I think it is the intent that we eventually have collection traits (I am experimenting with some at, but they would be more powerful and ergonomic with a few future language features, including higher-kinded types, associated lifetimes, abstract return types, specialization, and by-value self, should these be accepted for inclusion in Rust.


We had several in the Long Ago, but they were removed as part of collections reform in anticipation of better expressing such interfaces with HKT (which we do not have yet, but most seem to assume we will have it one day).


I’ve had this open in a tab for a while because I really like the idea. One of my first toying around things with traits was aiming to define traits for clocks for exactly the reasons mentioned. Some notes on a couple of the ideas:

Clock: strong agreement from me. Benefits: injectable clocks, mockable time. Injecting clocks could allow, eg, an event loop to provide its clock to the event handler. This would let stuff running on the event loop get the updated-per-tick time, and that’s probably sufficient in a lot of cases. Mockable time is just a great way to improve tests that are sensitive to time, so a big ++ here.

Future or Task: we really need something like this, but I don’t think an answer has emerged that’s strong enough for std yet. I definitely agree with C# as an inspiration. There’s also a great post by Joe Duffy from the Midro research project at MSFT: Asyncrhonous everything. Go also provides some ideas worth investigating with x/net/context, which had a good intro blog post. It’s another take on propagating cancellation and deadlines.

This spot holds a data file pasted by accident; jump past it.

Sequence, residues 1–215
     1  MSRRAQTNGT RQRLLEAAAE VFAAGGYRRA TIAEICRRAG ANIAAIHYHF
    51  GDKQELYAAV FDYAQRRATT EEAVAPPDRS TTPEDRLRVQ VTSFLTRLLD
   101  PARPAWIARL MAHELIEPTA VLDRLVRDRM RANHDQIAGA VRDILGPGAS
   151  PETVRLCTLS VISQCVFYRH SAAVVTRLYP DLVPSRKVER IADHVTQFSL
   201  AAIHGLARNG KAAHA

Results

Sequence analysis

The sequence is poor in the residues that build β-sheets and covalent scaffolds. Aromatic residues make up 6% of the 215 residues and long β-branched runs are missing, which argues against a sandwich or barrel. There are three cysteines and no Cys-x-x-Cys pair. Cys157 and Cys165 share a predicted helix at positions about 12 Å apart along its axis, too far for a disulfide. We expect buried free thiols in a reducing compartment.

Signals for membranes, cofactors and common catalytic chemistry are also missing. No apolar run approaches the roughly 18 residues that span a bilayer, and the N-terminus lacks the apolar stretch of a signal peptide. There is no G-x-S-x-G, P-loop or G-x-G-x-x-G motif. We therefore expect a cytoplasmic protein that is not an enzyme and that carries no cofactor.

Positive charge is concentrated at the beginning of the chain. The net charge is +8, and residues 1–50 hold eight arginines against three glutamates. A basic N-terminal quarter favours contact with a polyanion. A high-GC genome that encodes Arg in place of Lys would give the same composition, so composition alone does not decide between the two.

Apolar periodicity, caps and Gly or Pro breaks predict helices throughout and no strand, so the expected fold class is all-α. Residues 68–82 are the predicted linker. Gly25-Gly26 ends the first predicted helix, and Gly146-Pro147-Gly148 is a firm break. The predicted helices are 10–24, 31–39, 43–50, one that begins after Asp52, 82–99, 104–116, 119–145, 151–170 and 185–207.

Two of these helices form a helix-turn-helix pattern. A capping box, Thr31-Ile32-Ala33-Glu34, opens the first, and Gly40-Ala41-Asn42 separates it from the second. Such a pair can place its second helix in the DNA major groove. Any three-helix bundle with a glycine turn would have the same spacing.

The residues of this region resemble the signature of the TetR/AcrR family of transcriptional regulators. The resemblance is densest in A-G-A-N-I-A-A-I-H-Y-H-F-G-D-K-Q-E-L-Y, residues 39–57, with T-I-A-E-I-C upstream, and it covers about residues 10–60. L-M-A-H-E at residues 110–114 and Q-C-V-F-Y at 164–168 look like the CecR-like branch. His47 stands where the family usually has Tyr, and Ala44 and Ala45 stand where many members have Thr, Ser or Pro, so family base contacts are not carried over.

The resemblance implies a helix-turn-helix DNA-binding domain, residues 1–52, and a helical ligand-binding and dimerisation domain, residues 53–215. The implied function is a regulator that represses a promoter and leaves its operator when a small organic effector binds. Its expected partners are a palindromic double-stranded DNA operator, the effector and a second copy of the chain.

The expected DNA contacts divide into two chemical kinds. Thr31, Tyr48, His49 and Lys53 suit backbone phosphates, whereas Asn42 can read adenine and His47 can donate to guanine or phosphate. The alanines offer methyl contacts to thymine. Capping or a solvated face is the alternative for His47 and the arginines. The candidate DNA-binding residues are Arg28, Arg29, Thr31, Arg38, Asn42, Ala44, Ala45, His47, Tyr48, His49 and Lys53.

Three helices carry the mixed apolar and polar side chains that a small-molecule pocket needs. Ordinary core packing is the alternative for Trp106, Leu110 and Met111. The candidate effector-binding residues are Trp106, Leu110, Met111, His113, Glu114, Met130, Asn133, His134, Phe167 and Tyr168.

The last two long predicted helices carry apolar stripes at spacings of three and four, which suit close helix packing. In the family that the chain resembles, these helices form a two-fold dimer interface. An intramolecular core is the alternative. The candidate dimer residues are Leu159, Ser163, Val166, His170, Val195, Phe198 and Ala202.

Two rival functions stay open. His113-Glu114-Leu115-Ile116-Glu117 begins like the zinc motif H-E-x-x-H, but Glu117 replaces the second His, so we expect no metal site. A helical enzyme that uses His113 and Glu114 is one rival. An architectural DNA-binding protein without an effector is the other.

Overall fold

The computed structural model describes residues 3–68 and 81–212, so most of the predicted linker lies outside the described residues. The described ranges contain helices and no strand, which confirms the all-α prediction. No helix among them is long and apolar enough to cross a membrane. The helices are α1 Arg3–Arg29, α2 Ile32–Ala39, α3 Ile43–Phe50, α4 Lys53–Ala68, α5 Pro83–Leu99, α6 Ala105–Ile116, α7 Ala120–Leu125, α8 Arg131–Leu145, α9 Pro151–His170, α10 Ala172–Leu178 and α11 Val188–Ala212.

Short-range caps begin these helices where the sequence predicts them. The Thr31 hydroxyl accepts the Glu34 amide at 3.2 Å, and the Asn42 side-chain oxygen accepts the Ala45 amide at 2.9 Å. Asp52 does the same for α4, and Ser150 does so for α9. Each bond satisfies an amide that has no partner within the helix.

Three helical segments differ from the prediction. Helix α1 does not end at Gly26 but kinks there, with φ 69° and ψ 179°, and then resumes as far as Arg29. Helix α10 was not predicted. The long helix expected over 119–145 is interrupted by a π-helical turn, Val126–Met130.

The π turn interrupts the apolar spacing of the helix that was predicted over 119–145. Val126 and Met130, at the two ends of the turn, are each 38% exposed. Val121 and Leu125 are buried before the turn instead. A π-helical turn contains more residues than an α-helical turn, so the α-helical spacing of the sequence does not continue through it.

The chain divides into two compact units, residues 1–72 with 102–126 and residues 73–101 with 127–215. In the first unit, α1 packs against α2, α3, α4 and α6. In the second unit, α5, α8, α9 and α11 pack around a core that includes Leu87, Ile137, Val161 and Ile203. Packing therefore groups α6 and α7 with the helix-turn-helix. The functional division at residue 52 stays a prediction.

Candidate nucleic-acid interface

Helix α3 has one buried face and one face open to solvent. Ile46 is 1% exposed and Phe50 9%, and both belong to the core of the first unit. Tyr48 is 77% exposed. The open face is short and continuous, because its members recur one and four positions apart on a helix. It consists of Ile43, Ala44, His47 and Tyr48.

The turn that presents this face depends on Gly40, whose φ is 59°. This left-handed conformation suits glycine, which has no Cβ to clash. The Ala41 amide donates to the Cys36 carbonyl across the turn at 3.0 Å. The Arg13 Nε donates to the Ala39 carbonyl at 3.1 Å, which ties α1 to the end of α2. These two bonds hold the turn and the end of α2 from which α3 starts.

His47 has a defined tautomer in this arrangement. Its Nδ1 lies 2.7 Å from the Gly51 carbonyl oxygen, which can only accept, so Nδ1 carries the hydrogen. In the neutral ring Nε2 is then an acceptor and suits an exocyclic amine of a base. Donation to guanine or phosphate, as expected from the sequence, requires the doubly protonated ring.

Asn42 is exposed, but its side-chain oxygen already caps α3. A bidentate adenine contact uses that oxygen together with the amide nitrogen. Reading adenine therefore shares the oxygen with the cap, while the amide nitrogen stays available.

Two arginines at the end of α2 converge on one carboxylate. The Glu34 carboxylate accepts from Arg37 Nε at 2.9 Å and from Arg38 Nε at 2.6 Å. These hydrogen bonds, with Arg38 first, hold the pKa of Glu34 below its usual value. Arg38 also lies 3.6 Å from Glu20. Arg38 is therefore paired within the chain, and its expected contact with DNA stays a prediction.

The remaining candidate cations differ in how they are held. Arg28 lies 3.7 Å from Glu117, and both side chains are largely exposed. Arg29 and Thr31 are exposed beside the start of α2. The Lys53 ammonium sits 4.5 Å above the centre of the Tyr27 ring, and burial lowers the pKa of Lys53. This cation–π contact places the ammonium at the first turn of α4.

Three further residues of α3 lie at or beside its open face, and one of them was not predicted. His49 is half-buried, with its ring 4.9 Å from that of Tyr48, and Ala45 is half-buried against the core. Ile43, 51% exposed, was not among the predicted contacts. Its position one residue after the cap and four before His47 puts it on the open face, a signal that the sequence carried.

While the Iterator (and IntoIterator) trait is great, and there are a good number of other traits in std (notably From, Into, Deref, AsRef, etc.),I suspect that something like Java’s Spliterator should make its way into std at some point. Also something like Cursor which is not quite an iterator, but very similar – allowing Rust to iterate with a for loop over those would be awesome.


You can iterate over cursors with their Read methods bytes() and chars(); I think the only reason an IntoIterator implementation isn’t provided for Cursor<T: AsRef<[u8]>> is that its not obvious that Rust should prefer iterating over bytes or code points.


Wow, I thought my suggestion was dead in the water, so I’m pleasantly surprised someone is still interested!

My goal with the original post was to spark a debate on what those interfaces should look like. I think I should have included some sample primitive attempts, with all that warts one would expected from a beginner Rust user – that might have triggered a more vigorous debate from the experienced Rust hackers.

Since my post, I’ve put some thought into it, and some of these interfaces are definitely non-trivial, with many alternative options. However, I think they’re unavoidable, and hence the complexity has to be tackled. Leaving it for later will simply cause a bigger mess.

Look at Java’s Transaction interface: it’s surprisingly rich! Trait methods like commit() are obvious, but what about enlist()? Something like checkpoint() is reasonably useful in some long-running scenarios, but makes little sense for a systems language, and is rarely used in general. Should we leave it out of the std library, or simply add a derived EnlistableTransaction trait?

Ideally, something like Transaction should encompass everything from Intel’s TSX instructions all the way up to a distributed transaction involving databases and queues. This is what I’d like to see in a systems language: interaction between the lowest-level programming, so that memory structures are rolled back if a database transaction fails. That would be very powerful, and possibly a unique feature. I can’t think of any other language with a native memory transaction feature available as of early 2016…